At cafes, malls and downtown business districts, there has been an explosion of Internet access points, or Wi-Fi hot spots, that let computer users log on to the Internet for free. That growth is a fundamental reason – though not the only one – that technology start-ups, investors and industry analysts who had high hopes for Wi-Fi are scrambling to find sustainable business models.

Ms. Branagan, a director of a medical device research company, pays T-Mobile, a unit of Deutsche Telekom, $6 an hour for a wireless Internet connection when she is in airports if there are no free access points. But it is another matter when she is working outside the office in San Francisco.



“The Internet is free here,” she said, as she sat doing research at The Canvas, an art gallery with a lounge and cafe setting in San Francisco’s Sunset district. “Why would I pay T-Mobile?” she asked, when the cafe owners provide free Internet access to attract patrons.



The number of Wi-Fi hot spots has grown rapidly in the last year, with as many as 15,000 in operation in public locations, according to the Yankee Group, a market research firm.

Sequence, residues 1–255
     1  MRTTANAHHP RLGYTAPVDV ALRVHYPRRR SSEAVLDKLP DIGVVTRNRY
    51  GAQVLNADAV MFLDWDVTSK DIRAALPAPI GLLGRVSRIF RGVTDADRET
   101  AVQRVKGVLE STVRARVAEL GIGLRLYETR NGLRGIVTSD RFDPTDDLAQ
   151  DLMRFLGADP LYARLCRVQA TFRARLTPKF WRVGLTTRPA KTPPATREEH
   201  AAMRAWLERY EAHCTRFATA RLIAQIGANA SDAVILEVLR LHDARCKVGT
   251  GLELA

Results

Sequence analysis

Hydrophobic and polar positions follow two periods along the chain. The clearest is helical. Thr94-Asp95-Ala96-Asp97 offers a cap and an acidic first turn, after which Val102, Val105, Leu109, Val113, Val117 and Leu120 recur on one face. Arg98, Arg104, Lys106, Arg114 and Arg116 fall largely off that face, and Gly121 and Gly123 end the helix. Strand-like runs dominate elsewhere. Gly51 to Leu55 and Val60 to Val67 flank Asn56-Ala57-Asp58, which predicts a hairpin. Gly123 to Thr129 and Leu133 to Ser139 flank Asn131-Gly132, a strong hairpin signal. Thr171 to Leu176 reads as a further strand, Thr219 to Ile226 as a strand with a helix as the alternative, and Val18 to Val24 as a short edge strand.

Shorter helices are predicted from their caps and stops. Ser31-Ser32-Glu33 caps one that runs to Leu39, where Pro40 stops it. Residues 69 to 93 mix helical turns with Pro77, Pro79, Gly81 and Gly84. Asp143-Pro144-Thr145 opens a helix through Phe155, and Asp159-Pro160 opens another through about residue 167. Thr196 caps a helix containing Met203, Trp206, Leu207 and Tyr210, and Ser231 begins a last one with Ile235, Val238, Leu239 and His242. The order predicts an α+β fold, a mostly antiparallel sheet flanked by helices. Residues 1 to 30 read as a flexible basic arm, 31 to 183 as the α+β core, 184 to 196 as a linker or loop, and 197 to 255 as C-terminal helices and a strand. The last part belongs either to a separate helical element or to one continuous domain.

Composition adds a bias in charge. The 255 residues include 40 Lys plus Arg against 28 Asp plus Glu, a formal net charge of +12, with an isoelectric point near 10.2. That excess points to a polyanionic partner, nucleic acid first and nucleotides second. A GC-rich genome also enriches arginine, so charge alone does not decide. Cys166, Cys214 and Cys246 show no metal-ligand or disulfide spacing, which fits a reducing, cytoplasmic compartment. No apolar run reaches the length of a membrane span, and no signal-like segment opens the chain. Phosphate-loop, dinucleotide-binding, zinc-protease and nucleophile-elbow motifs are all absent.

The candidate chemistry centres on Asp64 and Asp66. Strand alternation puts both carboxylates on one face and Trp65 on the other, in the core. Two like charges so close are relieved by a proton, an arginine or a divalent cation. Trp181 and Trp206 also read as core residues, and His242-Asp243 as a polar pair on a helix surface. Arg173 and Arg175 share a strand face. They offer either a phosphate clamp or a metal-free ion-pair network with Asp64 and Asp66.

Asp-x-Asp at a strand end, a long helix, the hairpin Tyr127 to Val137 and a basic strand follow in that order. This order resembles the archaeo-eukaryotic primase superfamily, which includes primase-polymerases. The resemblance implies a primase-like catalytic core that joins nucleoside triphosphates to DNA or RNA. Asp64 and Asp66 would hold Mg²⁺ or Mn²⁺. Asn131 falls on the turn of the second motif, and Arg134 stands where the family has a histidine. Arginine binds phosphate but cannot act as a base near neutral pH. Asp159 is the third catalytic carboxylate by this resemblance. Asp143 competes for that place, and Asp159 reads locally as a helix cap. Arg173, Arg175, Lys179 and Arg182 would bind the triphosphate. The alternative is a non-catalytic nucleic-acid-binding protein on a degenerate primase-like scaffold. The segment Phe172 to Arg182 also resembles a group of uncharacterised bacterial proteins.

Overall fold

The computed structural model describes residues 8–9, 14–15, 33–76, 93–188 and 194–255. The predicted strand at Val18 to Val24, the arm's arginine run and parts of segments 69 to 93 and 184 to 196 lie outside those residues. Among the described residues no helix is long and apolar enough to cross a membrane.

But the difficulty of making a profit was made evident last month with the demise of Cometa Networks, a well-heeled Wi-Fi start-up backed by I.B.M., the Intel Corporation and the AT&T Corporation. Cometa, founded in 2002 to build a network of access points at retail outlets, announced on May 19 that it would suspend operations because it was not providing a suitable return to investors. Verizon Wireless, which said last year that it would build 1,000 Wi-Fi hot spots in Manhattan, has cut that number to around 500.



Meanwhile, thousands of free hot spots have been established by public agencies, mom-and-pop businesses hoping to attract customers and individuals working to build a grass-roots based network. A handful of city governments, some in cooperation with local businesses, are deploying free Wi-Fi networks in parts of Jacksonville, Fla., lower Manhattan and Portland, Ore., among other places.



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